A couple of weeks ago I attended the European finale of Inside Intercom – the product event that will visit 12 cities around the globe. As its name suggests, the event, which is packed full of product lessons is organised by Intercom, a rapidly growing US customer communication platform with deep Irish roots.

Intercom is an interesting company that has rightly developed a reputation for having some of the smartest people in the business. And with its four founders all sharing a product background, it’s no surprise they have built a fantastic platform which is now used by over 10,000 companies. I expect we’ll be hearing more about Intercom in the years to come as more organisations seek to better communicate with their customers.

Product Lessons from Intercom

Over the course of the evening I saw nine quickfire talks that were packed full of interesting ideas from a range of teams which impact product, such as engineering, research, design and content. It was an evening well spent at Dublin’s Olympia that has given me much to consider.

Here are five product lessons that stood out:

1. Get comfortable with the fact your product is obsolete
Many of the talks emphasised the importance of thinking about tomorrow and how as soon as you ship code or launch a product, it is on the path to becoming obsolete. Products and companies all follow the same trajectory – they grow, then at some point plateau and eventually die. To keep products and companies growing (and alive) we must maintain a healthy dose of paranoia to stave off complacency.

2. Certainty is a sign of immaturity
While it’s important to be able to look at information and make a decision, it’s essential to recognise that rarely do we have all the information available. Having complete certainty in a decision shows immaturity, rather than strength. As new information or data becomes available we should not be afraid to change direction. Strong opinions, weakly held is the best way to consider this approach.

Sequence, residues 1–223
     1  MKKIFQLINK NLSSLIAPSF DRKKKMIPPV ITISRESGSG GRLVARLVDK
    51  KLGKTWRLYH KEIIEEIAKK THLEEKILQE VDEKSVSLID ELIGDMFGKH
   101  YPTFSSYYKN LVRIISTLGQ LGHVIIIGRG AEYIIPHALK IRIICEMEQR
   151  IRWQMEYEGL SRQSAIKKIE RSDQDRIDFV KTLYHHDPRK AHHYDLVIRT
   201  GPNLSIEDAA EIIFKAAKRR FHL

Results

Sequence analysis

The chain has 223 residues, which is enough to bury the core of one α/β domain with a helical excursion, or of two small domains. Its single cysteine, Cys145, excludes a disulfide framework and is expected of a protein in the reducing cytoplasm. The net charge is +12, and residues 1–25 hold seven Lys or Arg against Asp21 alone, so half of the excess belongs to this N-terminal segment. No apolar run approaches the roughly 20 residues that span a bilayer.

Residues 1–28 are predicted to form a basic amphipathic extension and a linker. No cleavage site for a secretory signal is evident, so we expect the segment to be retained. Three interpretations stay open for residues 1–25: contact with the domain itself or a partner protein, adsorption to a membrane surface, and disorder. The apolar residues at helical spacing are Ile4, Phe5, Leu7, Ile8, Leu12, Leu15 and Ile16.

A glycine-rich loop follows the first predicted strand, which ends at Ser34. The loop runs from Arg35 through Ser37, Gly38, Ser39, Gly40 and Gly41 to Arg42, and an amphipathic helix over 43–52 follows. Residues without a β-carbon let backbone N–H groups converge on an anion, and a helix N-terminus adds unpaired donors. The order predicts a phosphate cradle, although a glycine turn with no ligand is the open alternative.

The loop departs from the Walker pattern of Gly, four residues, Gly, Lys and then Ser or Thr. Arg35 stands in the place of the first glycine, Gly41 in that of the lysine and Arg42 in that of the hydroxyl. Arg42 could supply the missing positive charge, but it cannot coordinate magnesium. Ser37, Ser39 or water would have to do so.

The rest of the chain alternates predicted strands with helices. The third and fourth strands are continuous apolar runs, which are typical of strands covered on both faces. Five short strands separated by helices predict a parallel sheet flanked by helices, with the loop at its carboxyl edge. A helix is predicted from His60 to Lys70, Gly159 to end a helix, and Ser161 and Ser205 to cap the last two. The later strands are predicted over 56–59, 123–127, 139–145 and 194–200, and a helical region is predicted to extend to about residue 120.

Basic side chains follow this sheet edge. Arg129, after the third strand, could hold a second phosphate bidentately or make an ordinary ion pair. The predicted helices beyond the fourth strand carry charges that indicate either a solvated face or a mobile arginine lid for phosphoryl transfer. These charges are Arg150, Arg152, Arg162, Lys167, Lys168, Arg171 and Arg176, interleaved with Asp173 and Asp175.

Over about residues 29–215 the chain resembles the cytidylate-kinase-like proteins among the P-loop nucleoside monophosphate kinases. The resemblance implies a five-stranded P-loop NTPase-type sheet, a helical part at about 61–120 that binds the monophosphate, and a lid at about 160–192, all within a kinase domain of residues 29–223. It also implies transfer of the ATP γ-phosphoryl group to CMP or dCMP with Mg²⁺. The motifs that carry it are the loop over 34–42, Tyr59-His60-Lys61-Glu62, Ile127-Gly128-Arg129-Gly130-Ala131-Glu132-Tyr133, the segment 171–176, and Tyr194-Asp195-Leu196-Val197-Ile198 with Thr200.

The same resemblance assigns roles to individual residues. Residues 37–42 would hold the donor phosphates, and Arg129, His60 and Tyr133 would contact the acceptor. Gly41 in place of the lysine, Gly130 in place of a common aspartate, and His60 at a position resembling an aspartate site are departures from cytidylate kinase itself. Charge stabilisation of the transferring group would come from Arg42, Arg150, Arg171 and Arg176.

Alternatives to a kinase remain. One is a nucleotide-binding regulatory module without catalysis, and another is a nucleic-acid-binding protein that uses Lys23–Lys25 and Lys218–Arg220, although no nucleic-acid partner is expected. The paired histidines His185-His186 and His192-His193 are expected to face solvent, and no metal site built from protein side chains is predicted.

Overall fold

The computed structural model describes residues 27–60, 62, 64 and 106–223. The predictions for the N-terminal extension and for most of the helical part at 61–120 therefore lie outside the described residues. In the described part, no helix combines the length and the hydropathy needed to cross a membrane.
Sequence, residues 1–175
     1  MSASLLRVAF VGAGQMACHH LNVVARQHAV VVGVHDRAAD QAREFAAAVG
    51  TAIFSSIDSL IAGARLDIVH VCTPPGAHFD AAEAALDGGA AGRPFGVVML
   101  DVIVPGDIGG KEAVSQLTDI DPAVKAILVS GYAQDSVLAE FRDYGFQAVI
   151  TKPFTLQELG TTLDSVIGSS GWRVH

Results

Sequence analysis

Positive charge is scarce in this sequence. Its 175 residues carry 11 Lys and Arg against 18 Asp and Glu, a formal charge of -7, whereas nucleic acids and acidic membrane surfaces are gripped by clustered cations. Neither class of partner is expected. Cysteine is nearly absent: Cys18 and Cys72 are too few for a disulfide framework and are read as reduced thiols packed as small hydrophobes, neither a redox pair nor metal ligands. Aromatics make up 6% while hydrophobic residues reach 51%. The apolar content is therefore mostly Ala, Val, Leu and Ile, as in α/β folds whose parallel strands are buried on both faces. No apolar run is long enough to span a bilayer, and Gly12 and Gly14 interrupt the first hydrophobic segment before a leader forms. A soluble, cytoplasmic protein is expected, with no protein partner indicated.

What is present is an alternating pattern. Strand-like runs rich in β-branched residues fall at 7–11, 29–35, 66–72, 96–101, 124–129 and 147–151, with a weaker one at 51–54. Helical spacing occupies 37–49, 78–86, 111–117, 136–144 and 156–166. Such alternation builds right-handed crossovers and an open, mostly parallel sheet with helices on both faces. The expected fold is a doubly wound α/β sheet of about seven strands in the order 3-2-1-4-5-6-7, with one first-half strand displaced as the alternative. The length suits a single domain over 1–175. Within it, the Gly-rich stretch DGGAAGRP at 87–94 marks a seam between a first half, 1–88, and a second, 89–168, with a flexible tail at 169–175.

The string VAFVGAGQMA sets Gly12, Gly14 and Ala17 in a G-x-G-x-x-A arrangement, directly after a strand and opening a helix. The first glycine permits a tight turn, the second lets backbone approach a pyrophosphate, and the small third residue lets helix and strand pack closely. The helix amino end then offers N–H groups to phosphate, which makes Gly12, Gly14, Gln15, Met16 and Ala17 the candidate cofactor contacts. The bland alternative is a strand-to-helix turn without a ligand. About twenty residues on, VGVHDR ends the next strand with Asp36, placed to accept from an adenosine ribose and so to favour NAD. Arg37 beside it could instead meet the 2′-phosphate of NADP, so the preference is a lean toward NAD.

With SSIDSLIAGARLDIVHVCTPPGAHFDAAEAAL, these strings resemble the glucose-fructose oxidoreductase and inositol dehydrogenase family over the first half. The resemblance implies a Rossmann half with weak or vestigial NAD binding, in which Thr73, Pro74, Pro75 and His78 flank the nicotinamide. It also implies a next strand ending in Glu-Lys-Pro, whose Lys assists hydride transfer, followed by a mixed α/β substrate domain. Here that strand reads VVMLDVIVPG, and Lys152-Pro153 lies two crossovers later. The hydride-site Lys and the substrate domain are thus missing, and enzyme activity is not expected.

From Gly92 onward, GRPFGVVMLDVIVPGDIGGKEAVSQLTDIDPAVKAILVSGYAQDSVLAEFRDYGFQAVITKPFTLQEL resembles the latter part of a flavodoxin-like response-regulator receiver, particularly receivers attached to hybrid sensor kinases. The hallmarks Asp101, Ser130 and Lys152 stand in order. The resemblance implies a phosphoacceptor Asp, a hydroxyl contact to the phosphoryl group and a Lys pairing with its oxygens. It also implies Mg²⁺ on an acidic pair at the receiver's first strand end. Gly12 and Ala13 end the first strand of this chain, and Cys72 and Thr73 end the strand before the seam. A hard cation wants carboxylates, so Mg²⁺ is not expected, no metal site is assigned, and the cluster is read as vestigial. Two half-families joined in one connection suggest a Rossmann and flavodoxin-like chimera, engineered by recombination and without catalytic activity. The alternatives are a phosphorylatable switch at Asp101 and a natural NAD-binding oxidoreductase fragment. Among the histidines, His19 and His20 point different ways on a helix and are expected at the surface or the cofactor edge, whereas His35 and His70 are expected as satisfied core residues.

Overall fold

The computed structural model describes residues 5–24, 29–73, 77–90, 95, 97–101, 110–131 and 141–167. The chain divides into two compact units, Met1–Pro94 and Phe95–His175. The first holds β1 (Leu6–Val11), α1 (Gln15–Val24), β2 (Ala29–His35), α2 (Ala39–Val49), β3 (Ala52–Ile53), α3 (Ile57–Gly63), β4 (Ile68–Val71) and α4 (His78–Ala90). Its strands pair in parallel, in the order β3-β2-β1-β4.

3. Speed is a competitive advantage
As every company becomes a software company, organisations can stay ahead of the competition by building speed into every aspect of the business. By moving more quickly than the industry or competitors, organisations can accelerate the pace of innovation and stay relevant to clients. There’s a very real cost associated with being slow – and a great deal to gain from being first.

4. Focus on jobs to be done, not just problems
When developing new products and features, always ask “why?” Organisations should seek to uncover the jobs clients are using its products for, not just the problem they are trying to solve. By diving deeper they can unearth customer motivations, understand why they need something and better address those needs.

5. We’re far from the limits of what’s possible
Technology is changing and improving the world, but it’s important to realise that we’re still far from the limits of what’s possible. We’ve made huge progress on what is possible today, but the best is yet to come and we can still dream much bigger. By aiming for 10X improvement, instead of 10% we can redefine the problems and challenges facing businesses today.

I’m pleased that I attended Inside Intercom. The evening offered a fascinating glimpse into a company that I’ve long admired. Although, the event was product focussed, many of the lessons are applicable to the world of inbound marketing and beyond. I look forward to applying what I’ve learnt in my role at HubSpot.